This is final article in the five part series on leather.

In the four parts of the leather series, we’ve covered how leather is made and the different types of animal skin leather, the tanning process and how it can create specific leather results, how to measure levels grades of leather quality, and the different types of leather quality.

Unlike other natural or synthetic materials, leather making and leather care is an ongoing process that requires attention to detail and care. Real leather, unlike vegan leather, is made to last years, especially if a leather bag or item is regularly taken care of. This article breaks down leather bag care tools and how to care and maintain the quality of a leather bag.

Leather Bag Care & Maintenance

To make sure your leather bag lasts for the duration of its use, this is one method for cleaning and ensuring your leather bag’s longevity.

1. Remove dirt and dust

Remove any dirt, mud, salt, with a brush, damp rag, or shine cloth. Wait until dry before doing anything else.

2. Apply leather cleaner

Apply leather cleaner in small circles, in small amounts. Use a shine cloth for this and fold the shine cloth into quarters for maximum coverage. Use 3 fingers to hold the shine cloth and rub on the bag for leather cleaning.

3. Apply leather conidtioner

After using leather cleaner, the next step is to use leather conditioner and rub it gently on leather surfaces. A different, clean shine cloth is great for this step. When applying leather conditioner, use 2 fingers to hold the shine cloth and rub on the bag until the conditioner is evenly distributed.

Leather Bag Care Tools

Here’s a list of all the possible leather bag care tools:

Leather Cleaner

Effectively removes dust and dirt from leather.

Leather Conditioner

Lubricates and protects all top-coated/protected leather. Makes leather look and feel like new.

Saddle Soap

Used for cleaning, conditioning and softening leather, particularly that of saddles and other horse tacks.

pH Balanced Leather Cleaner

Matches the pH of your leather to better preserve the leather’s strength, durability, and appearance.

Cream Polish

Protects and nourishes leather to produce a long lasting glossy shine similar to that of satin.

Suede Cleaner

Effectively removes dust and dirt from all types of suede and nubuck leathers.

Suede Protector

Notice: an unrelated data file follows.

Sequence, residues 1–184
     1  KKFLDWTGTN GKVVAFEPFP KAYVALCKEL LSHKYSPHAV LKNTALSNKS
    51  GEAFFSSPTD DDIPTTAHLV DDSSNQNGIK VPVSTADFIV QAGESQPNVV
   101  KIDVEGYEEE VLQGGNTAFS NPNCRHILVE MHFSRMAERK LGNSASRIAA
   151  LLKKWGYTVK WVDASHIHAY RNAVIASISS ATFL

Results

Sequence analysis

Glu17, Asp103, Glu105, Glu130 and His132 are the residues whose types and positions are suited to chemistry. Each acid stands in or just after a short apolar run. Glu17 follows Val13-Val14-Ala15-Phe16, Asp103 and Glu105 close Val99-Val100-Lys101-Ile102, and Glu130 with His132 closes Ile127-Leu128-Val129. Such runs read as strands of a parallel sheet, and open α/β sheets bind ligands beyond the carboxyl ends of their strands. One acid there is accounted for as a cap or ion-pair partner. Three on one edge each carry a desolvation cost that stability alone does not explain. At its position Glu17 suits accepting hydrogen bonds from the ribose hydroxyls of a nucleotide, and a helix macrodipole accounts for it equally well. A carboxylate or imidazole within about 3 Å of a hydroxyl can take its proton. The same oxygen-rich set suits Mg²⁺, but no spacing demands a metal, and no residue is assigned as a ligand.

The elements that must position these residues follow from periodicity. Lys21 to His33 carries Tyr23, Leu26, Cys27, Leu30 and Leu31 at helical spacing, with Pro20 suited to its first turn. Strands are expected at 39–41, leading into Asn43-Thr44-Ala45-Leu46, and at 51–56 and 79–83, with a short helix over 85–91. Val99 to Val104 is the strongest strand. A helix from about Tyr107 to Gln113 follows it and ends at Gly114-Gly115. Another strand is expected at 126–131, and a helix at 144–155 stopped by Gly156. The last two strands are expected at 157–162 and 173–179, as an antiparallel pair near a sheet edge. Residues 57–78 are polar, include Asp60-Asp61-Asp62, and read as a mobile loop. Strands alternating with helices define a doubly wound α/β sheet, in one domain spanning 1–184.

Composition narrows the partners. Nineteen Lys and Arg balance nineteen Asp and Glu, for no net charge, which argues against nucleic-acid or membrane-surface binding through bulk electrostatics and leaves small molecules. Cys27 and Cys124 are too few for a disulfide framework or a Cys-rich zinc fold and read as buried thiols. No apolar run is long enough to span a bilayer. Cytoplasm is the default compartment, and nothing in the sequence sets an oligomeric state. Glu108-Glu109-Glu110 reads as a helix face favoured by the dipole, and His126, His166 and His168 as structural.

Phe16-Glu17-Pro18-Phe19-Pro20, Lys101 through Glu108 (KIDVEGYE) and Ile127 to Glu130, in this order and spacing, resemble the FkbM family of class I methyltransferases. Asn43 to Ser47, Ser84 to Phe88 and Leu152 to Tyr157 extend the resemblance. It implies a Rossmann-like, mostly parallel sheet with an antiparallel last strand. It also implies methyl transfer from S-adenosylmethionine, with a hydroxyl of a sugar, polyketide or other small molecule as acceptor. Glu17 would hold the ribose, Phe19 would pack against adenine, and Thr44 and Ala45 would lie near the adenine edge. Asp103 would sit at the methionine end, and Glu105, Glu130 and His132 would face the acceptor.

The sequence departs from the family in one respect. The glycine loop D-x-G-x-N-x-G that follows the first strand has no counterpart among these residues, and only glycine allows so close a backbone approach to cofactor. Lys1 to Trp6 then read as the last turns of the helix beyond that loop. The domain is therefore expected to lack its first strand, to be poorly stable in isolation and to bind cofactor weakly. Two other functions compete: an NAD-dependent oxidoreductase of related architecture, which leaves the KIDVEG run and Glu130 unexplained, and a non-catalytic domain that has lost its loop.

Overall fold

Provides maximum protection against water and stains, for suede and nubuck leather.

Exotic Leather Cleaner

Used for cleaning exotic leathers such as alligator, snake, lizard, ostrich, eel, etc.

Patent Leather Cleaner

Used for cleaning patent leather.

All Purpose Leather Cleaning & Conditioner

Cleans and preserves grained, gloved, patent, and smooth leathers.

Mild Liquid Soap

Can be applied to any type of bags for cleaning light dirt and mold.

Mild Bar Soap

Can be applied to any type of bag for cleaning light dirt and mold.

Brushes & Cleaning Cloths

Shine Cloth

A shine cloth brings up a brilliant shine after polishing and spit shining.

Horsehair Shine Brush

Used for buffing leather products to a high shine.

Horsehair Circular Dauber Brush

This brush can spread shoe polish evenly and thoroughly.

Microfiber Cloth

When there is no water or soap, a microfiber cloth works great for removing oil and dirt.

Other Bag Care Products

Stain & Water Repellent Spray

Provides an invisible coating that repels water and stains to keep a bag dry.


Protects the bag from dust and prevents color transfer during storage.

Storage Box

Used for bag storage to prevent damage to its shape.

Bubble/Paper Wrap

Used for filling up the bag to maintain its shape during storage.

Silica Gel

Used to control humidity and keep mold away.


This concludes our five part series on leather, from how its made, to the different quality levels of leather, to how to care for your leather products. With leather being a functional and aesthetic preference for many, knowing more about this historic material will help you with your future products and purchase decisions.

Everything You Need to Know About Leather Series

Part 1: How is Leather Made & What Are Common Leather Types?

Part 2: Vegetable Tanned Leather or Chrome Tanned Leather?

Part 3: The Grades of Leather & What They Mean

Part 4: Why is Full Grain Leather Considered the Best of the Five Types of Leather?

Part 5: How to Care For Your Leather Bag